O.K., I’m feeling a tad eccentric today… so here goes…
Words are to pictures what digitisation is to analogue computing.
What this means that words are like points on a picture and if you only have so many of them, then you will only get idea of some of the picture. Or putting it another way, if we don’t have enough words then we won’t get the picture. Similarly if we don’t have enough digits in a digital message, then we won’t get the message.
But we can the analogy further. Digital messages can use certain techniques to repair message (for the techies among you, a simple example is checksum). We can use extrapolative logic from the words to fill in the picture.
In each case we need a sufficient amount of the right material to be guaranteed to get the right picture / message.
But how do we know when we have sufficient?
It’s when everyone can agree and talk about what the words / digitisation said.
In the case of science fiction writing, how do you get to that state of global understanding, especially when you may be obliged to use obscure words e.g. while describing an obscure technical fact around which the story hinges.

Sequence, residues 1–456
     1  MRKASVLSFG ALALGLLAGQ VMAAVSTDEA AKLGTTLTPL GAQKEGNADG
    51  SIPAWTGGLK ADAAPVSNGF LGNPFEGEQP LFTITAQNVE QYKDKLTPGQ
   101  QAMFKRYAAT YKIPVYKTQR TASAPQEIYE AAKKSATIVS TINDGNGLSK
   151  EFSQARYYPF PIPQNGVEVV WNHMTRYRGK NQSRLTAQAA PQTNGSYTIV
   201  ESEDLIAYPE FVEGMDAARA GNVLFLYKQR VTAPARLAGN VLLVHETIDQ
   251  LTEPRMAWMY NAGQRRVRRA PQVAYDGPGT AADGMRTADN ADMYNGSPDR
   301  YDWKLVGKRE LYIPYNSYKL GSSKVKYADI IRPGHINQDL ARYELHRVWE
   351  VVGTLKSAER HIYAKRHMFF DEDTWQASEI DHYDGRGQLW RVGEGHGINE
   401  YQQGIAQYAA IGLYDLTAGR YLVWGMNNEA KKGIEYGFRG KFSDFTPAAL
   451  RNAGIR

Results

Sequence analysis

Well, you can go into what I call the long descriptive definition. The disadvantage is that it breaks the tempo of the story, which can be very destructive to the reader’s entertainment.
Or you could add in a subplot before the main plot point to describe the necessary detail. Only that will make the story longer, and make the story feel tedious to boot.
Or you could do a series of stories where the first story is really written to discover what the word means and the second story is the originally written story. The snag with that is if the first story is not a success, the readers are unlikely to want to read a follow-on story.
Or you leave the story as is, and do an article alongside it to explain what the obscure technical word is all about. Taking this a step further, you could blog about said obscure technical word’s meaning the day the story in question is published. So I find it intriguing that with all these blogs on the web, there is not more by way of such explanations.
To me, this shows that science, which ought to be at the heart of science fiction stories (at least in some of the sub-genres) is not as prevalent as I and perhaps many others would have hoped.
But there is a reason for that… find out when I publish the next part in this series…